There are: early recesses you didn’t know about, fire/security drills that take up half your class, gyms times that get cancelled, special guests and assemblies that pop up, impromptu lecture sessions by other teachers that derail your lesson and force you to teach something else, teachers who need/want to swap times with you, laptops that you booked being taken away by others who didn’t book them, laptops becoming magically available and taking the chance to use them (after verifying they really are available), opportunities for your students to go on special field trips that come up and you take them, and sudden illnesses cause you to have to leave at lunch time. (Yes, all of those things have actually happened in the last 3 weeks!)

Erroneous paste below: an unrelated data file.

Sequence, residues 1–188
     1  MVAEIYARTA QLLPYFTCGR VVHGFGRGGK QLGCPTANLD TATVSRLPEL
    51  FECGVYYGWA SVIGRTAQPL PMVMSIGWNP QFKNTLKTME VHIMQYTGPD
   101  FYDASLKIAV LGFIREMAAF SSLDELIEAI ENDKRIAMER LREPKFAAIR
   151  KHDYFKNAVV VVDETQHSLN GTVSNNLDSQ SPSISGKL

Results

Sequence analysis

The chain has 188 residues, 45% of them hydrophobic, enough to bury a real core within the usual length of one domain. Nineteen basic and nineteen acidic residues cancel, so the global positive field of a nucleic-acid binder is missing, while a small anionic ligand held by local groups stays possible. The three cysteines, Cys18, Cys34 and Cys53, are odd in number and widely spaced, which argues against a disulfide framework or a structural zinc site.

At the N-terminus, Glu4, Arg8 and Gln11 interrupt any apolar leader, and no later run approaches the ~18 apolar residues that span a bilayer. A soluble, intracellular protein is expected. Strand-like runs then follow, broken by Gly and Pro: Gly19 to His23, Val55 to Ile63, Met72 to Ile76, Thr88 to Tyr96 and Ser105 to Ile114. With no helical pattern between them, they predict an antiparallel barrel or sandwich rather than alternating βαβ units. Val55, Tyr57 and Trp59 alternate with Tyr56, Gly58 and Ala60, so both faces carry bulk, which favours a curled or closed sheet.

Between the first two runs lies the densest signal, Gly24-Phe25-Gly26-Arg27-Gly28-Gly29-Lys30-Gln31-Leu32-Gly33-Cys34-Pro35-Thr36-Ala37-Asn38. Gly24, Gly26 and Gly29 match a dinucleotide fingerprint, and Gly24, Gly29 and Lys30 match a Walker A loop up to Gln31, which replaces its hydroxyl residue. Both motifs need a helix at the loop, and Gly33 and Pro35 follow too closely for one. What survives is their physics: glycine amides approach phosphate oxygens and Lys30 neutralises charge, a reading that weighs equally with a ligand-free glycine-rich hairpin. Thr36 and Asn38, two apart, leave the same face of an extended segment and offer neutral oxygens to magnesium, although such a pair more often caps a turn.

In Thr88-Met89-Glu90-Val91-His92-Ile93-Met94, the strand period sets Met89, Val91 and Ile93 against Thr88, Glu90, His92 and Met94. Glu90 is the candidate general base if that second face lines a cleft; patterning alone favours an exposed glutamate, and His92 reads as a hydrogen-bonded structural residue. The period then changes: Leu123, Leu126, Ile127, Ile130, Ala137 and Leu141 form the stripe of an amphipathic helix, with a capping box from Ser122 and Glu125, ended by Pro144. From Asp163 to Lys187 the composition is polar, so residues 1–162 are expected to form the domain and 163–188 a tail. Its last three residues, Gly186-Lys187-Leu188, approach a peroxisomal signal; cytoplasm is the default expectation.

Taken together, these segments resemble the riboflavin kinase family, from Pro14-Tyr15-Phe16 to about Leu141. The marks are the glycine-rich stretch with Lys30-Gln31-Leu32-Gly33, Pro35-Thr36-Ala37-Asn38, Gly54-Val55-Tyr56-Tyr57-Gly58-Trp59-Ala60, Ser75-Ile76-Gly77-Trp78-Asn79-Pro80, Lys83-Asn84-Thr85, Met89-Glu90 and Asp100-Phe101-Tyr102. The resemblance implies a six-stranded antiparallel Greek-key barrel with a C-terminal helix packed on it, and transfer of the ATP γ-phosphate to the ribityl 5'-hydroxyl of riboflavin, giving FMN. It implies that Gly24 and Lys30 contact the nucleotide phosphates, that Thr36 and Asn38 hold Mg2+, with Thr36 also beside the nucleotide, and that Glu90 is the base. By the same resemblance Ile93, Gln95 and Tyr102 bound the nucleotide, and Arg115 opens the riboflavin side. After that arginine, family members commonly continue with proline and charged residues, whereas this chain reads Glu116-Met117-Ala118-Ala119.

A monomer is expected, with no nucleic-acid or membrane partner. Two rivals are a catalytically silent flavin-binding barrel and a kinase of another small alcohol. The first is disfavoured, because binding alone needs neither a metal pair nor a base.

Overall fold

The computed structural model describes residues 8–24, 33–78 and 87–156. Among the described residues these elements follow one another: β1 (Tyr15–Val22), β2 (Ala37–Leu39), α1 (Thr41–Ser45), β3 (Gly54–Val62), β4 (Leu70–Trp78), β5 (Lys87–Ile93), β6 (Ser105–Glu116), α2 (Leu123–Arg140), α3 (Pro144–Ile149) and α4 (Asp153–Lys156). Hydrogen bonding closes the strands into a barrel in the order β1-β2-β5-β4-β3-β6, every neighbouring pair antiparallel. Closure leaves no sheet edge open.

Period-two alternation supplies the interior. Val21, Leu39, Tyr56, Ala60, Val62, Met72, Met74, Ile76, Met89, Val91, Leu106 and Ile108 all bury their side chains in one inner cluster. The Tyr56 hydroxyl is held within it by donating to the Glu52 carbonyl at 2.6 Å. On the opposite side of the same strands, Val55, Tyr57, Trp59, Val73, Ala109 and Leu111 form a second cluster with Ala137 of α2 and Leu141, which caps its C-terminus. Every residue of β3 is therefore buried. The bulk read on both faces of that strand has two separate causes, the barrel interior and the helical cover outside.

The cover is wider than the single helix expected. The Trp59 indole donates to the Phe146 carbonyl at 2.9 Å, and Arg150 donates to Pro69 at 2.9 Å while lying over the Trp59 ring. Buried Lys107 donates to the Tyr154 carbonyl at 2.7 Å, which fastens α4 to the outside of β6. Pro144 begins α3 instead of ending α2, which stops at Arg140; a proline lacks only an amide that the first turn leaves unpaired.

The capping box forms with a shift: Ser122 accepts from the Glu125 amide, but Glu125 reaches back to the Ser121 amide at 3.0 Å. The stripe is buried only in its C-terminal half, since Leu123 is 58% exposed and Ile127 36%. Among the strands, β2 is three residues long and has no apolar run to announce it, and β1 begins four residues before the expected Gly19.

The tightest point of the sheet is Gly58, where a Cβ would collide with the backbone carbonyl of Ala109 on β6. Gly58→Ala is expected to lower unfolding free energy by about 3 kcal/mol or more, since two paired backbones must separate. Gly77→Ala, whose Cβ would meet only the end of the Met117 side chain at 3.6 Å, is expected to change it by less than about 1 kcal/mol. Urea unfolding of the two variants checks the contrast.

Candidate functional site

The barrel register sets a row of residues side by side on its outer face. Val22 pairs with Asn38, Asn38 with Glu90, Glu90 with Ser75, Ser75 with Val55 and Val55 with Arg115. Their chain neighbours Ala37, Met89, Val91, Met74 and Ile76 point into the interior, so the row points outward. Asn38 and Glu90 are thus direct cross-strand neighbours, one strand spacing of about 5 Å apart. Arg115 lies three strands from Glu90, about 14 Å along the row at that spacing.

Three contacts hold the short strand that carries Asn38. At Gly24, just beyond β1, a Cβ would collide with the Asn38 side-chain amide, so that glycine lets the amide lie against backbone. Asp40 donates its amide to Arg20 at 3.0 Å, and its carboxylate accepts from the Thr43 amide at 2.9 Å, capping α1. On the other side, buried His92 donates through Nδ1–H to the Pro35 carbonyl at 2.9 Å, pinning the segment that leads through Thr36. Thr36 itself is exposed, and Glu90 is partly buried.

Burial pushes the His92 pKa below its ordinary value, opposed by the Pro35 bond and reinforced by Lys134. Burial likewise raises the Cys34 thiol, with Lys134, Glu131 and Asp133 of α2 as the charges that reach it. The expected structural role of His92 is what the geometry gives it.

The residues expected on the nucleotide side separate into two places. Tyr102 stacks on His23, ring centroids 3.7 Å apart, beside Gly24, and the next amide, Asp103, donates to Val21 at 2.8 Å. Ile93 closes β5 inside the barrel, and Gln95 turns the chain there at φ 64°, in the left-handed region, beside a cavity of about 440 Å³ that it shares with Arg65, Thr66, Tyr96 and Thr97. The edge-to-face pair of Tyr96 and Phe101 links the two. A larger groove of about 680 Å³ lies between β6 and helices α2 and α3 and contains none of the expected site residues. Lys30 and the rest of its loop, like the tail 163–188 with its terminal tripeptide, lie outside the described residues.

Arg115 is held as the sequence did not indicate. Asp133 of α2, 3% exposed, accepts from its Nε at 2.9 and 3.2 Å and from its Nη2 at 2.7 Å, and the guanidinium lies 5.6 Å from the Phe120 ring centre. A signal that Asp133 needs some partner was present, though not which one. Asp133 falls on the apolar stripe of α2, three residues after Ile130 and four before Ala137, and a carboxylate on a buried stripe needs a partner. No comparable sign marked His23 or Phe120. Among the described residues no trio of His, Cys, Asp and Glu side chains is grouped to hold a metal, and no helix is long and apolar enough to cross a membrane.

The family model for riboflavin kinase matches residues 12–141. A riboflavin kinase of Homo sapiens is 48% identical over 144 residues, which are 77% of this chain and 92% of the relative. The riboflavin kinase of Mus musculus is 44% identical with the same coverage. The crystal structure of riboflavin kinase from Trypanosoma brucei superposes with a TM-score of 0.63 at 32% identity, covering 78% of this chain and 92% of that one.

• I have learned that prep periods can sometimes be for prepping lessons or marking things, or just for taking deep breaths, having a snack and taking a break from the crazy day.
  • I have learned that lunar cycles are a real thing and can affect your students’ behaviour.
  • I have learned that I love teaching even more than I ever thought I did. I get a huge grin when I think of a cool idea and am able to put it all together for my lessons, and an even bigger one when my students are so into learning that they don’t want to stop.
  • I have learned that math games are magical.
  • I have learned that I can “trick” students into learning.
  • I have learned that learning outside takes practice. A LOT of practice.
  • I have learned that veteran teachers, while intimidating at first, are so willing to help.